Marking With Acetal

Posted: October 21, 2013 in Acetal, Cool Projects
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In the world of engineering plastics there are many niche uses for materials, applications where one material is prized by a select group of engineers or machinists. One of those areas is the sport of paintball.

For those that still have not heard of the sport, paintball is popular throughout North America. Players use devices called “paintball markers” to fire round balls containing a water-soluble paint. These markers are all gas-powered by either CO2, nitrogen or compressed air. With the sport’s increasing popularity in the mid-1990’s a culture of customization of markers started as small manufacturers and individuals with machining ability attempted to gain any sort of edge. An early discovery was acetal for use as the bolt of the marker:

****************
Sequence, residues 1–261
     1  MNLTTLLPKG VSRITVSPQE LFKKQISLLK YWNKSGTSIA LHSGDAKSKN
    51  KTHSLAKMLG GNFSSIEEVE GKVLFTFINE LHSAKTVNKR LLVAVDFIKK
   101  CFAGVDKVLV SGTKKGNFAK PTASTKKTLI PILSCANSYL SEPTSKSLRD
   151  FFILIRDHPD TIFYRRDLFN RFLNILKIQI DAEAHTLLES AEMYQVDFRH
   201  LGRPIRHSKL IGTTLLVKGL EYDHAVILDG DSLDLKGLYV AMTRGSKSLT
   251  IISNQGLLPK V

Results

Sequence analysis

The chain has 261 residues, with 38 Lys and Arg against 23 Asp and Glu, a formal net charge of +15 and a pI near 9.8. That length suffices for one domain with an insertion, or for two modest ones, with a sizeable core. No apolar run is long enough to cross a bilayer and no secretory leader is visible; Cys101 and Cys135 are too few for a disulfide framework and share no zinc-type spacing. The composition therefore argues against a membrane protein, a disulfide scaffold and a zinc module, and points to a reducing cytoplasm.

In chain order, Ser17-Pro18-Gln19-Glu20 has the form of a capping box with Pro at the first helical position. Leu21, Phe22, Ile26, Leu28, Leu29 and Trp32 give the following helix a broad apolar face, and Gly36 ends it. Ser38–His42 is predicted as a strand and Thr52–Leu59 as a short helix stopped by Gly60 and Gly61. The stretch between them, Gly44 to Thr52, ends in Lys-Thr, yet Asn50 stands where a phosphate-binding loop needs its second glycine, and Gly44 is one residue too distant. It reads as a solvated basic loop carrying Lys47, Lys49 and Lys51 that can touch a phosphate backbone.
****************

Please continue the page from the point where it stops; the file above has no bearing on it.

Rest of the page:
Acetal has a number of useful properties including zero permeability to moisture and little to no permeability to gas. It is also quite hard. However, most importantly was that acetal machines to excellent tolerances and can be used to create a precision part. Over the years a number of larger paintball equipment manufacturers started to carry lines of acetal bolts, to capitalize on the excellent properties acetal offers to the component. The popularity of this material remains to this day, with acetal being a sought-after material for aftermarket bolts both by manufacturers and those same talented machinists working at home who are still looking for that extra edge in performance, that acetal can provide. For an example of the acetal “Check It Full Force Bolt” bolt click here.

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